Match analysis: Doncaster Rovers face long, hard season if they don't become more sturdy and streetwise

If Doncaster Rovers do not become more sturdy and streetwise they could be in for a long, hard season.

Sunday, 22nd October 2017, 12:47 pm
Updated Tuesday, 12th December 2017, 12:17 am
Tommy Rowe

After grinding out a win over Portsmouth in midweek, one laced with positives, there were signs Rovers had turned a corner.

They had talked about turning losses into draws and draws into wins following a sobering September and they had started to deliver.

John Marquis

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But against bogey club Walsall they somehow managed to turn a potential victory into a horrible, depressing 3-0 defeat.

Back to square one.

Consistently inconsistent, Darren Ferguson’s team seem to insist on taking one step forward and two back. The wait for back-to-back wins this season goes on.

Some leeway can be given.

Mathieu Baudry

This is a young side clearly still getting to grips with a higher level. A few injuries along the way, like the one to Danny Andrew, haven’t helped that transition.

But Rovers’ continued ability to shoot themselves in the foot and make avoidable mistakes at both ends of the pitch is not going to help them distance themselves from the drop zone.

What makes that all the more frustrating is that these lads have a performance in their locker: the displays at Blackburn and Arsenal are the best examples.

But eight defeats from 15 league games tells its own story, and the loss on Saturday was comfortably the worst one of the lot.

Ben Whiteman


Three shots on target, three goals. That says it all.

Apart from their defensive resilience, Walsall showed little else. Rovers’ incompetence literally handed them three points on a plate.

The outcome may have been very different had John Marquis not missed an open goal just before half time after Tommy Rowe had struck the post.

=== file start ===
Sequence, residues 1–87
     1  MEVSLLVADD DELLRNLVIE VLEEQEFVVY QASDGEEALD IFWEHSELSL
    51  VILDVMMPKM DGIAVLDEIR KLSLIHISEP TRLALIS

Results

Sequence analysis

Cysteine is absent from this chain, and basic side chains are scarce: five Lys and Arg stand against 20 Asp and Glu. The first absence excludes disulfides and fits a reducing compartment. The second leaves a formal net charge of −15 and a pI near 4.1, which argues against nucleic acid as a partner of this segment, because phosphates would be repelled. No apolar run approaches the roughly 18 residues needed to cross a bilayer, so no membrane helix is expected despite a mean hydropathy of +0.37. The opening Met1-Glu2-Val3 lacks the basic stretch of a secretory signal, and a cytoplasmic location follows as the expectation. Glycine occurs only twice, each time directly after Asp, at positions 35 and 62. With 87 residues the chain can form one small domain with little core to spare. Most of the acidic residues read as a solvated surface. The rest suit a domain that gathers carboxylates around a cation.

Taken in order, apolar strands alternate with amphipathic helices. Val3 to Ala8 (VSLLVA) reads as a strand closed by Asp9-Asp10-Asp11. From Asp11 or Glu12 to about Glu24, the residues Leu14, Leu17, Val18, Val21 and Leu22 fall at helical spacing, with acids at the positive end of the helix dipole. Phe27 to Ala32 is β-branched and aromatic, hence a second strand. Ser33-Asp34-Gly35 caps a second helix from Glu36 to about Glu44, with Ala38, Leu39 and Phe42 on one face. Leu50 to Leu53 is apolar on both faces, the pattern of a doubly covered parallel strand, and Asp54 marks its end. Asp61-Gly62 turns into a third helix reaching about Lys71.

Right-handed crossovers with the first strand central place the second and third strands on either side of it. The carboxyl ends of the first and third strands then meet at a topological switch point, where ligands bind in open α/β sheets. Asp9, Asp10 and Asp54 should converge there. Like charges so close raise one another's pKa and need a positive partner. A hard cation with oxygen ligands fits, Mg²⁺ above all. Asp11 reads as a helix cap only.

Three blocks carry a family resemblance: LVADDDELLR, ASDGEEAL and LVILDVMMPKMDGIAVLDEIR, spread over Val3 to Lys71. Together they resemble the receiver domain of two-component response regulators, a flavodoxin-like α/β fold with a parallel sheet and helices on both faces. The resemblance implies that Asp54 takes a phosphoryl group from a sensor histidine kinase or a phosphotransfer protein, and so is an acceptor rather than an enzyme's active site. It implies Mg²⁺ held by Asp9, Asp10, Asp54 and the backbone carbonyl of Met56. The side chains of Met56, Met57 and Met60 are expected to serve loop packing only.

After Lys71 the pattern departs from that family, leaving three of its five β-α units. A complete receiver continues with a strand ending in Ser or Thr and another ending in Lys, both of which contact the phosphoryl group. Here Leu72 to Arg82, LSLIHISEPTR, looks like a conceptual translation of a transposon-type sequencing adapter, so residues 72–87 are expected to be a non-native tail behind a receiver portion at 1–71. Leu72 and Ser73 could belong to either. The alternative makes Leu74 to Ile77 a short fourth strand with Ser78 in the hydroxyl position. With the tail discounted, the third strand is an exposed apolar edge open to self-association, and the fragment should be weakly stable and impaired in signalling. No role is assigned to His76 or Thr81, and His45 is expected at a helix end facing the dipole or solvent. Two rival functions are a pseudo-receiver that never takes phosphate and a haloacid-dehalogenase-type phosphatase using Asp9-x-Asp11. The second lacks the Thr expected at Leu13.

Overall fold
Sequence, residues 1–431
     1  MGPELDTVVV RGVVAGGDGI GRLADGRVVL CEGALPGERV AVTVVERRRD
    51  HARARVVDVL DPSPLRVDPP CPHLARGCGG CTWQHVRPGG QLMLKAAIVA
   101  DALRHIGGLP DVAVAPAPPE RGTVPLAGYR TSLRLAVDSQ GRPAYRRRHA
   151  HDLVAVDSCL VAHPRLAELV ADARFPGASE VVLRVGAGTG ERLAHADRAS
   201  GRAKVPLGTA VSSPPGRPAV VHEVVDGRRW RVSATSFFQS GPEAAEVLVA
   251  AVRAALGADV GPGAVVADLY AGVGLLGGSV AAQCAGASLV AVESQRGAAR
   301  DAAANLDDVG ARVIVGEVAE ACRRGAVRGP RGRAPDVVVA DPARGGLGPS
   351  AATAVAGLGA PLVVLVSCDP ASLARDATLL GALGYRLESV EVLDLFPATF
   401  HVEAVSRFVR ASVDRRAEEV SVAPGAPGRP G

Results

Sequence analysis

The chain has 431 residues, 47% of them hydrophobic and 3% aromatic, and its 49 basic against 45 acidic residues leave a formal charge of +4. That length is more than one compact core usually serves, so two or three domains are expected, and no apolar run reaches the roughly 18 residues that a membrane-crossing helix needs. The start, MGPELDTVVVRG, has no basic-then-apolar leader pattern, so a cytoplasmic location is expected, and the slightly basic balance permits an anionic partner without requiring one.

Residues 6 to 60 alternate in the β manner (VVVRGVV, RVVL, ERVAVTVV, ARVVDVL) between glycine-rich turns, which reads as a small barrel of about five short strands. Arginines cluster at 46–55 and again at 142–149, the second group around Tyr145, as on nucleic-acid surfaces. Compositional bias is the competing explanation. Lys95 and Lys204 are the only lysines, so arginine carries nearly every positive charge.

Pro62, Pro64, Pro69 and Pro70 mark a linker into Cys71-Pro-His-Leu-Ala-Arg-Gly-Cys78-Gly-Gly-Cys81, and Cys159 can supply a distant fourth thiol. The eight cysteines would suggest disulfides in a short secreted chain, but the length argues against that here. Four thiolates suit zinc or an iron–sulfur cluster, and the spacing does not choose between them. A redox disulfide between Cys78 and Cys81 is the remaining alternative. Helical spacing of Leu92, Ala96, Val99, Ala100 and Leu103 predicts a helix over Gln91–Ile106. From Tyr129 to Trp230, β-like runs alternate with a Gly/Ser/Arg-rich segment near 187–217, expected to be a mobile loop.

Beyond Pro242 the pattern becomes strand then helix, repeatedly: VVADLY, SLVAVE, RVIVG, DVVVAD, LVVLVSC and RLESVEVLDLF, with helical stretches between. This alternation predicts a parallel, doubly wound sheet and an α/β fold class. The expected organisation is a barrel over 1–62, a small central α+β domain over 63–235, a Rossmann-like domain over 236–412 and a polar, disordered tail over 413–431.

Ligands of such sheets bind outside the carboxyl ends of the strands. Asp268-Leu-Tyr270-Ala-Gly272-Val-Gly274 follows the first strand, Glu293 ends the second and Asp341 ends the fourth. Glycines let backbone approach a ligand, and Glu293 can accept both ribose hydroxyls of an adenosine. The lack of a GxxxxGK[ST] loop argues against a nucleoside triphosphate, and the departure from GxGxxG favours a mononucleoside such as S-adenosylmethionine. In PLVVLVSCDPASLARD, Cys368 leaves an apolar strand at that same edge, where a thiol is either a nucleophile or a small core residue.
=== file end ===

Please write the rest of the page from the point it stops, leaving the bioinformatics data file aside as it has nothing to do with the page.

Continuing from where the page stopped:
John Marquis

The sweeping, incisive move that led to that chance was an example of what this team can do. But it proved to be an exception to the rule as Rovers predominantly laboured in attack.

Nevertheless, they were very comfortable. There was no sign of what was to come just after the hour mark.

Firstly Joe Wright’s misjudgment allowed Tyler Roberts to keep the ball in play and square for Erhun Otzumer to score.

Four minutes later Joe Edwards was given the freedom of the Keepmoat to maraud forward and tee up an unmarked Otzumer for number two.

And with ten minutes remaining it was game over when substitute Rodney Kongolo’s mistake allowed Amadou Bakayoko to break clear and slide in Kieron Morris to slot past Ian Lawlor.

The nature of the defeat exposed not only a few Keepmoat Stadium ghosts of the past but a soft centre that is hampering Rovers’ progress.

Mathieu Baudry


Ferguson showed some positive intent with his substitutions but it ultimately backfired as Rovers, although far from at their best, went from comfortable to careless.

The manager had cut a frustrated figure on the touchline virtually all afternoon, repeatedly barking at his players to do things quicker and press with more conviction.

Niall Mason in particular, replaced by Craig Alcock just seconds before the opening goal, felt the full wrath of Ferguson.

This his withdrawal was no surprise but the removal of Mathieu Baudry and switch from 3-4-1-2 to 4-4-2 was.

Within minutes Rovers were 2-0 down and Ferguson disappeared into the dugout.

His substitutions were a source of debate, but no one could really argue about the changes he made to a winning team.

Matty Blair has been given compassionate leave. Enough said.

And Marquis was recalled to provide more physical presence in attack. His poor form, however, is now becoming a big cause for concern.

Ahead of Saturday’s trip to Bury, Ferguson must now go back to the drawing board.

Ben Whiteman